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Shin recipes

One of the cheapest cuts of beef, shin comes from the foreleg.


It needs long slow cooking but has a superb flavour. Used in casseroles and stews, it makes the most delicious gravy because the connective tissue in it turns to gelatine, thickening and flavouring the sauce. Shin can be bought on or off the bone, whole, in slices, or diced, all of which are suited to slow cooking. If bought in thick slices with the bone running through the middle it's a good substitute for oxtail. Alternatively, use it in place of veal in osso bucco.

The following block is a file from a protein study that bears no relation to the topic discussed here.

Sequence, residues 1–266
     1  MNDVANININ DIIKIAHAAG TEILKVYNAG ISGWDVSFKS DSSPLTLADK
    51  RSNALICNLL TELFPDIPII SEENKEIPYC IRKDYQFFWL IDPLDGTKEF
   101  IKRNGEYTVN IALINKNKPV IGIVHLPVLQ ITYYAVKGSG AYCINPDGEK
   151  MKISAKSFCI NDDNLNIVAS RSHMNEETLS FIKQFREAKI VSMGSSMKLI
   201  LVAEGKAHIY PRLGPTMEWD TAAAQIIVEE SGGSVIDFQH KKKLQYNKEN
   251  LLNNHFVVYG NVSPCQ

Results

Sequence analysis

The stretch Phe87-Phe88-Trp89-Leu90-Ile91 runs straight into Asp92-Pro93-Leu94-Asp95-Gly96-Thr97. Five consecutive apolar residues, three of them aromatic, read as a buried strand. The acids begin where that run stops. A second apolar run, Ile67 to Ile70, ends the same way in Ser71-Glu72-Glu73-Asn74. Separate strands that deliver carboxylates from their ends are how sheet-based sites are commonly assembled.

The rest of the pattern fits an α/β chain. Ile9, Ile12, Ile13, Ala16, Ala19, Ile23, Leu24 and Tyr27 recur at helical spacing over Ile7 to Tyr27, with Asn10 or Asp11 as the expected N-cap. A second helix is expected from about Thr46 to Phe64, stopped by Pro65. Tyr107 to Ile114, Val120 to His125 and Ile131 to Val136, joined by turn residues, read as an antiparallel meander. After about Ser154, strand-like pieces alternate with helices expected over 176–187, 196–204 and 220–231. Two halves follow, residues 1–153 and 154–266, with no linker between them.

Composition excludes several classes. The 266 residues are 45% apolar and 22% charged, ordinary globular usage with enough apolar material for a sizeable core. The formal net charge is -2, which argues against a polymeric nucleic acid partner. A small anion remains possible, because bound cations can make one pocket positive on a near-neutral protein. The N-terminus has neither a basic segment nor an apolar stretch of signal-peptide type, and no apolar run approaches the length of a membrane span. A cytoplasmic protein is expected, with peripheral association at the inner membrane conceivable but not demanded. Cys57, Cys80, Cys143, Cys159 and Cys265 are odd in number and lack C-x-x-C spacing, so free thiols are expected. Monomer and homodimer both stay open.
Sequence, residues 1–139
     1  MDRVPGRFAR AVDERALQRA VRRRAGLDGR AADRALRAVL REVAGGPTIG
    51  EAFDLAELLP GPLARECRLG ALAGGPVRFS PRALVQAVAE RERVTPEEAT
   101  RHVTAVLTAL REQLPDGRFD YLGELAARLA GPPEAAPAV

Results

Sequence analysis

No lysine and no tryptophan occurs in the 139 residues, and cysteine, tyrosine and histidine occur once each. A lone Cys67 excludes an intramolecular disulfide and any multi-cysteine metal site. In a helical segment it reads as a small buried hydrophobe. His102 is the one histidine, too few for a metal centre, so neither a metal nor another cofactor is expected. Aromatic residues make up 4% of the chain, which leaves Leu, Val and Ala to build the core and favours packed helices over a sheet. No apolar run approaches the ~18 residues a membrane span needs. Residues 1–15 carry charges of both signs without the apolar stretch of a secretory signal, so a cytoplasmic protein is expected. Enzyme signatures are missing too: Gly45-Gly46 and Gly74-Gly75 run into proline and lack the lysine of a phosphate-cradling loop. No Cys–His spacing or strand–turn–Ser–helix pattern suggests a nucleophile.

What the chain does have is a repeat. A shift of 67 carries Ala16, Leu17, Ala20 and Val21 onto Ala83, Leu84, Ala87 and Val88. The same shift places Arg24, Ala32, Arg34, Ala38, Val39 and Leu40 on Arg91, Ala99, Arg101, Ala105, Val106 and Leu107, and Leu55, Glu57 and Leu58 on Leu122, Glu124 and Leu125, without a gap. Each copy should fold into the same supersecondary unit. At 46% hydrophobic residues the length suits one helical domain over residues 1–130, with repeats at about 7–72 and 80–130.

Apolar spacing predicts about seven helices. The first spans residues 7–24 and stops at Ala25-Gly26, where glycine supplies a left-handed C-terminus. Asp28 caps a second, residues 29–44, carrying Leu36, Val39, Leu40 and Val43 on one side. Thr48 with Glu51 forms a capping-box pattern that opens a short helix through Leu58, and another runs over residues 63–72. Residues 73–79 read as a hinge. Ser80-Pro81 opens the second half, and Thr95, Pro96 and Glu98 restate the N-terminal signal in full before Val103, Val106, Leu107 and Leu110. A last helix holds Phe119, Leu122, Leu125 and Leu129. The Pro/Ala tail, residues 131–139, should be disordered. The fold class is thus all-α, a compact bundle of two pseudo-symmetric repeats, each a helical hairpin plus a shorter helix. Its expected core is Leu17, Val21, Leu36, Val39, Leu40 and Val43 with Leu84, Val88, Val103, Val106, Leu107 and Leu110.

Article by Louisa Carter

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